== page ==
Professional head shots used to be limited to boring photos against a plain backdrop, but that isn’t the case any longer. Today, head shots can be done indoors or outdoors, and against a variety of backdrops. Mine were taken by Shayne Berry at Portland’s Cathedral Park in the rain. Luckily, the bridge provides perfect cover, and it is a popular destination for all kinds of photography!
Julie of Traveling Julie Portraits photographs not only fresh, modern head shots, but also “in action” photos of her clients at their place of business. This means, not only is there a basic head shot, but also images that show off the business and their brand in action.
Annika Bielig Bussmann focuses exclusively on female entrepreneurs and helping them create their branding via photography.
Normally, you don't get to see side by side head shots of the same person taken by two different photographers, but Emily happens to have been photographed by the two photographers I mentioned above. So you get to see side-by-side examples!
Clearly, both Julie and Annika capture Emily's personality and sense of style. When it comes to choosing a photographer for your head shots, choose someone you feel comfortable working with and who understands the look and feel you are looking for in your photographs.
Branding and Your Website
My first website was a mess.
It didn't reflect who I was or the type of clients I wanted to work with. I'm always revising and refining my work, so it makes sense that my website has gone through a few (OK, more than a few) face lifts.
I tried kind of a flower/garden idea for awhile (it seemed like a good idea at the time).
Then I tried something super modern. It looked pretty and utterly unlike me.
Right now, I love the look of my website, but at some point I know I'll evolve and it will need updating (again).
When you are thinking about your branding and your website, think about the business you have now and where you want it to go. Think about your customers/clients and how your website can help you connect with them. Think about the overall feel you want your clients to have when working with you.
Need inspiration? Go look at the websites I've linked to throughout this post. Each is a fabulous example of lovely websites coupled with their personalities and who they want to work with as businesses.
Your Brand and Change
One thing you may have noticed that has come up over and over in this post is evolution. Your brand and your focus will likely change. That is completely OK and normal. Those first business cards, websites, and elevator pitches are just the beginning.
You'll change direction. You'll grow into some things and outgrow others. You'll discover a new path that is even more exciting than the last.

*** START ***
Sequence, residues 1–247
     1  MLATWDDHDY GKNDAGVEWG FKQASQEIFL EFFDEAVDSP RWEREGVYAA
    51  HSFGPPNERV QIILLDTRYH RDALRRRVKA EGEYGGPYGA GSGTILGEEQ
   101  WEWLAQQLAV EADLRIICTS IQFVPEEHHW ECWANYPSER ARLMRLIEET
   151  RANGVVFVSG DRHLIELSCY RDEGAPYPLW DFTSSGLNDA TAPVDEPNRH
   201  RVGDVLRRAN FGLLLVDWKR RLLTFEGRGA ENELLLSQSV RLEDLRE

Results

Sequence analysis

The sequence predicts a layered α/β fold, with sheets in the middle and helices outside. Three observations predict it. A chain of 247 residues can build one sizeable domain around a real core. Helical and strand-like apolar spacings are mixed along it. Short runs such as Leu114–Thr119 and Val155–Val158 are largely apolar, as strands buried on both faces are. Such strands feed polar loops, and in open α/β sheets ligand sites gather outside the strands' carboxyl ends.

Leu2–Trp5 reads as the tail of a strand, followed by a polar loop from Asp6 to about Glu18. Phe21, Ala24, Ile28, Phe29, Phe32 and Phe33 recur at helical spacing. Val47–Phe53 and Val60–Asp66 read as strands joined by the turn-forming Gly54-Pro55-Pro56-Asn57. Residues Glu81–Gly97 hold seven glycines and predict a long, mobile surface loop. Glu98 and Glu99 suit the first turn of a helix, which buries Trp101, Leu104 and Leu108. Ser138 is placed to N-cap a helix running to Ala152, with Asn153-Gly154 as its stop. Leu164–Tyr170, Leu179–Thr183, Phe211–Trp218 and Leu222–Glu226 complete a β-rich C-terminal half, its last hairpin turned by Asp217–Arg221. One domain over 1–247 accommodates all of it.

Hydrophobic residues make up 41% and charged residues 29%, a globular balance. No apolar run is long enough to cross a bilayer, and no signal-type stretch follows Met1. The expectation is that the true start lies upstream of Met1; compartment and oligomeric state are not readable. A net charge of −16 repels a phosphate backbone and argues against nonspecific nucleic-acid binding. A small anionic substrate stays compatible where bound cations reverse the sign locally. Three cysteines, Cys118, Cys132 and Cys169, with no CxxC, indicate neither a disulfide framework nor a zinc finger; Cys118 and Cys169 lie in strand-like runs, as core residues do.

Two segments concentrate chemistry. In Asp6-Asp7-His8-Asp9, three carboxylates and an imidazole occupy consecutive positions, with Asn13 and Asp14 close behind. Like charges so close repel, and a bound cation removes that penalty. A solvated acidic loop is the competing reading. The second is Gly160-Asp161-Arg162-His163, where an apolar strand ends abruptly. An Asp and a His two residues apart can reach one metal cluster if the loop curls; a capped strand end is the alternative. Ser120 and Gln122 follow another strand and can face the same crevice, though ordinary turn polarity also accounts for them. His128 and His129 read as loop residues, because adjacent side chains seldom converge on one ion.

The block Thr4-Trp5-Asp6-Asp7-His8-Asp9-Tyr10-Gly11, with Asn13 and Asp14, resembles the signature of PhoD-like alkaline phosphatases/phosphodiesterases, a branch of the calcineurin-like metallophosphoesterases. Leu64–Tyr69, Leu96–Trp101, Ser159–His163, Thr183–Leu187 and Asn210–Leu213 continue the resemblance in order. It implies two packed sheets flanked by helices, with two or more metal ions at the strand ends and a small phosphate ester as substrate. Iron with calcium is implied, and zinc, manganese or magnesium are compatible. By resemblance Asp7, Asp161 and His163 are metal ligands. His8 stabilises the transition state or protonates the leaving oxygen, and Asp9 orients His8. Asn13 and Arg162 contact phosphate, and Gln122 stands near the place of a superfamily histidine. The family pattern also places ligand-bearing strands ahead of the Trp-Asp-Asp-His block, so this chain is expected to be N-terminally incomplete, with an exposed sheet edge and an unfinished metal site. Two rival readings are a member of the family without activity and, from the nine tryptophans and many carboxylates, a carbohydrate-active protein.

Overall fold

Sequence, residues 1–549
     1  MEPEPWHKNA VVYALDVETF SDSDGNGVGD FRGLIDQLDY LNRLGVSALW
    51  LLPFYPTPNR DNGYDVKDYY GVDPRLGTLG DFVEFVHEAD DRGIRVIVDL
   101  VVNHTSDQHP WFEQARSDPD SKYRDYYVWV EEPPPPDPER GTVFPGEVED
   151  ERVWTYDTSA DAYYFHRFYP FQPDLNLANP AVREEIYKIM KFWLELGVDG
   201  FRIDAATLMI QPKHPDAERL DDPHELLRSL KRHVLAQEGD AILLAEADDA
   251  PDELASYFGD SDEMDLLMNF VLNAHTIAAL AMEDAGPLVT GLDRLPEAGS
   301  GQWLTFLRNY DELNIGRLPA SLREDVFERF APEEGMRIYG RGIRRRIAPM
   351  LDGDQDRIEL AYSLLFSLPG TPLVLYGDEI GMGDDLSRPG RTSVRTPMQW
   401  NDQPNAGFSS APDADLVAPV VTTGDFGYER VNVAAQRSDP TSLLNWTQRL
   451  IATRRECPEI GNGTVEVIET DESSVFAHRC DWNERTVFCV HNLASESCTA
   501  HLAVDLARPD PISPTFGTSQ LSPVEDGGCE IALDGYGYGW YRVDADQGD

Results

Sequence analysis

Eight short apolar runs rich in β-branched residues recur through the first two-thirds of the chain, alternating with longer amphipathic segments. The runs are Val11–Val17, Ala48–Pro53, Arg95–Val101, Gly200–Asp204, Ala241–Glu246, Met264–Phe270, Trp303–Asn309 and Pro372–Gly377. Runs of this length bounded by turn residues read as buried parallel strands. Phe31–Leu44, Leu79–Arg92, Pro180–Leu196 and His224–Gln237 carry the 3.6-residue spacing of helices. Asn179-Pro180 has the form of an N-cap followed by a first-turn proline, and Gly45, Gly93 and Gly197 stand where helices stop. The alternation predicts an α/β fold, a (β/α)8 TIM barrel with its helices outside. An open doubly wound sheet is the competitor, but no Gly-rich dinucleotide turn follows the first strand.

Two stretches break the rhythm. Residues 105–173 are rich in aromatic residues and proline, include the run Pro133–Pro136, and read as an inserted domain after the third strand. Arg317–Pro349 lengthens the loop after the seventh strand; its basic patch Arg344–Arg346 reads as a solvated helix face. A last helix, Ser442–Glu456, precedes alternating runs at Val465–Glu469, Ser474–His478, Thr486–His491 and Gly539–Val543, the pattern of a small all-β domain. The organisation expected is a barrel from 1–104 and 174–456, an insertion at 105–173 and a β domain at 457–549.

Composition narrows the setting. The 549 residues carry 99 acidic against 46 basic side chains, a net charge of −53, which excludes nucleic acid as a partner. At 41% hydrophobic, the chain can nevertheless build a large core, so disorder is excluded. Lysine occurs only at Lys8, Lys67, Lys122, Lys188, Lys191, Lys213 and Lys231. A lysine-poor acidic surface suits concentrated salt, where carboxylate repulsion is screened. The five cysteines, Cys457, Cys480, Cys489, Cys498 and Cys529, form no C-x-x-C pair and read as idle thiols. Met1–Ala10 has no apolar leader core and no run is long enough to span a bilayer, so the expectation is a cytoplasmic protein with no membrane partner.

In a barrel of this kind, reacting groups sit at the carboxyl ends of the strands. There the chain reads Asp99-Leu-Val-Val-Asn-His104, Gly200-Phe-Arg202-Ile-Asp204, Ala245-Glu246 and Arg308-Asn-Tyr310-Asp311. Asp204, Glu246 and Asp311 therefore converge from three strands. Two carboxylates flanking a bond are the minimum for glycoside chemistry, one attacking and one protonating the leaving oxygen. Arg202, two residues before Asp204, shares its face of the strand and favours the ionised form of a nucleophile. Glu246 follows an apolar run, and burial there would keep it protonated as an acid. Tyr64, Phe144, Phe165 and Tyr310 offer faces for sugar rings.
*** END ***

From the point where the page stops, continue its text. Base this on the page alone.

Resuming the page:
Have fun with it!
If you receive free products for review, you're going to want to read this and make sure your links to products you review are set as "no follow".
What are "no follow" links?
This tells Google (and other search engines) not to pass on "link juice" (which is like reputation, energy, and recommendation all rolled into one) from your website to the website you are linking to.
Why does it matter?
Google's ultimate goal is to give users the best experience possible (which makes them valuable and useful and makes them lots of money). Which means - if someone is giving you a product with the hope that you'll give a link to their site...this stops that. This has been an unofficial "best practice" for awhile.
Why do links matter?
Google used to rely heavily on words (and we've all read terrible blog posts that stuff a phase into sentences over and over!). Now they rely on lots of things including: words, phrases, other on-site things, and off-site things (like links back to your site).
It used to be that lots & lots & lots of links to your site meant that your site probably had good information and was something users would want to see.
But...when everyone catches on to that....it gets exploited and and link farms (pay us $50/month and we'll give you 300 links to your site) and crappy, random guest blogging happens.
How did it work?
Product A sends samples to 500 bloggers to review their product.
The bloggers do their thing and dutifully link back to Product A's website.
This makes it look as if Product A is suddenly much more useful and valuable than maybe it actually was.
In addition to that, let's say 85% of those 500 bloggers are just in it for free stuff, so their review isn't great, their copy isn't helpful, and overall it drags down the usefulness of Google search (because the algorithm is being misled by all of those links).
So this is Google's official "don't do that" warning.
Musings about marketing, social media, and small business.